The Arc did more for me than conjure up deeper meanings of past texts. Seeing the exhibit live was a very different experience for me than it was seeing it on Serendip. Even though the exhibit was dreamed up in my head, seeing it live was a different experience for me. Just as simply reading Over It to oneself will never be as powerful as reading it out loud in a group setting. Through thinking about this, I began to think about what it means to put something on public display. What does that really mean? Is a crime like the murder of Matthew Shepard a public crime? It happened in public, but it was between two isolated groups of people – the bullies and Matthew. So is it private instead? I am willing to venture to say that it is. The portrait of Matthew included in The Arc is a public image of a private person. The back story of exactly what happened on that fateful day and what led up to his murder will remain a private story. But an images like “all gays go to hell: spray painted on the side of a house, that is a public hate crime, to me at least. It is a general statement directed at a group of people, specifically targeted at the individual whose home it was, but since it was written on the side of a house, on display, I would classify it as a public hate crime. Is there a difference in representation if it is written in public? I don’t think so. A hate crime, whether public or private aims for one end – diminishing the person on the other end, making them feel inferior and less worthy. Public or private, a hate crime is a hate crime. Yes, the actions of the crime itself may play out differently, but ultimately, it achieves the same goal.

            I loved watching people walk through my exhibit today. I loved hearing people react to the images of Evan Kittredge, chuckling at the humorous posters asking why Liza Minelli got to marry two gay guys when they could marry zero, and smiling at the image of Ellen Degeneres and Portia De Rossi. Reading their comments was also interesting. I asked broad questions intentionally as I wanted my visitors to respond as truthfully as possible. I wanted to see first hand where they chose to go in reaction to the images that I had selected. I was happy to see that everyone picked up on the arc between images of pain and sorry through to images of progress. I was also happy to see that people felt and understood that although we have made progress, we are not done yet. One comment did disappoint me because he/she felt that I had not thoroughly achieved demonstrating the “right relationship” because I truly felt that I had, but I was pleased to see that others felt that I had done so.  These relationships, both mine with the subject matter and the relationship between the gay and straight communities, will only continue to grow and strengthen the arc.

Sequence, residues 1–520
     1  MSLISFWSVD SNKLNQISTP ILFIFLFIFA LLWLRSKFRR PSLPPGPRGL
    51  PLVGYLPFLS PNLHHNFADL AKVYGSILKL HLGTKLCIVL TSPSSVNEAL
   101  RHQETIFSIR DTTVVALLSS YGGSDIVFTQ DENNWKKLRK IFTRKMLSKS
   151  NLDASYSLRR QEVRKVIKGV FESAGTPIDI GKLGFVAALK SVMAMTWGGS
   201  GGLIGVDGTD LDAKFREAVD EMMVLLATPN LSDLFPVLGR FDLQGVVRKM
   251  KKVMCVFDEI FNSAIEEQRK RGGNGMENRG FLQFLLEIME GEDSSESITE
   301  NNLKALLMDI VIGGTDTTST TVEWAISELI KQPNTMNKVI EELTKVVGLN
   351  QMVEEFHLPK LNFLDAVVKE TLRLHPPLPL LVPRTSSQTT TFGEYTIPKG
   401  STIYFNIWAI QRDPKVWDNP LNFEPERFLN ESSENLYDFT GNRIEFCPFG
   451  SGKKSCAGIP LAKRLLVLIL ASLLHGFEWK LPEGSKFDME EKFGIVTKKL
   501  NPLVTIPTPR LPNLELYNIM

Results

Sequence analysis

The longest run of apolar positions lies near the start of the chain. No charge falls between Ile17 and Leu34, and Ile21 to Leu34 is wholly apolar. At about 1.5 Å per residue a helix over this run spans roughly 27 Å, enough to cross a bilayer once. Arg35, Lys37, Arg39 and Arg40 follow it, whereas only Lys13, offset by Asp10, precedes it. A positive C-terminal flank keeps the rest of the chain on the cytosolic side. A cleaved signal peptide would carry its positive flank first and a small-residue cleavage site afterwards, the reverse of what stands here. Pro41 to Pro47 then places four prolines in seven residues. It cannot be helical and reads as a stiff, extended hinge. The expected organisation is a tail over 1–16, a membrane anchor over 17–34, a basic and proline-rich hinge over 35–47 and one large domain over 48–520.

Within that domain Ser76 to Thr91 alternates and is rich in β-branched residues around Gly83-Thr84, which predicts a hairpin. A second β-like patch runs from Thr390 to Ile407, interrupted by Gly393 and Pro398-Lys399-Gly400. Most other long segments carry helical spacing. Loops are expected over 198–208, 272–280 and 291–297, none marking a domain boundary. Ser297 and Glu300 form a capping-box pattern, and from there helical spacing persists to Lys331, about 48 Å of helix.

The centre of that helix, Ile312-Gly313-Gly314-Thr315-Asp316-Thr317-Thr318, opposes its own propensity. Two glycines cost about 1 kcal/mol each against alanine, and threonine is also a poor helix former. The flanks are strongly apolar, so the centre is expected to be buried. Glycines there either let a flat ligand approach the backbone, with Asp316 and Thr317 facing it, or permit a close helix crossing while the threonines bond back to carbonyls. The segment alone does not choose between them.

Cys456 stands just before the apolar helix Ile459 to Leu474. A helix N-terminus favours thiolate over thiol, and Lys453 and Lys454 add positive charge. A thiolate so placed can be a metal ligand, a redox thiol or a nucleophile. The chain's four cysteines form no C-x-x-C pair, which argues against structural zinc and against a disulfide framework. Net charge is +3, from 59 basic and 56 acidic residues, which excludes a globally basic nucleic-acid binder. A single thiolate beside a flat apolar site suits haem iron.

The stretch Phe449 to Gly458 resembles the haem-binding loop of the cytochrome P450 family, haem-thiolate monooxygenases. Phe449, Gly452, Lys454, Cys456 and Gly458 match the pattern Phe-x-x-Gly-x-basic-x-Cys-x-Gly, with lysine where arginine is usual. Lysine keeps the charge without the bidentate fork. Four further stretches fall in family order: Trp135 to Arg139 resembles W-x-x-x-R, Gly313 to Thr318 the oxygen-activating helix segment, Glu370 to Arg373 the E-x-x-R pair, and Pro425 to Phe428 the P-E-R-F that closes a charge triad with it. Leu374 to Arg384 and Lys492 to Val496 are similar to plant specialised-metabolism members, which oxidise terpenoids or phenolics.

Works Cited

Works Cited

(in order of the photographs)

1Humbach, John, Towards a Natural Justice of Right Relationships. Human Rights in Philosophy and Practice, Burton M. Leiser and Tom D. Campbell, eds., 2001. 1-18.

Gwen Amber Rose Araujo

Matthew Wayne Shepard:

Ashley Santiago:

Lollie Winans and Julianne Williams, Evan Kittredge, community art project:

Spray painted messages:

Dr. Sprinkle:


Gay Pride parade:

Day of Silence:

Various signs, group wearing "I support marriage equality" stickers:

Ellen Degeneres and Portia De Rossi:

Legalize Gay:

Gay fathers and child:

Barad, Karen. "Quantum Entanglements and Hauntological Relations of Inheritance: Dis/continuities, SpaceTime Enfoldings, and Justice-toCome."Derrida Today 3, 2 (2010): 240-268. 

Butler, Judith, Lecture. “Gender Politics and the Right to Appear”. Bryn Mawr College, November 2011.

Cleave, Chris, Little Bee. New York: Simon and Schuster, 2009. 288 pp.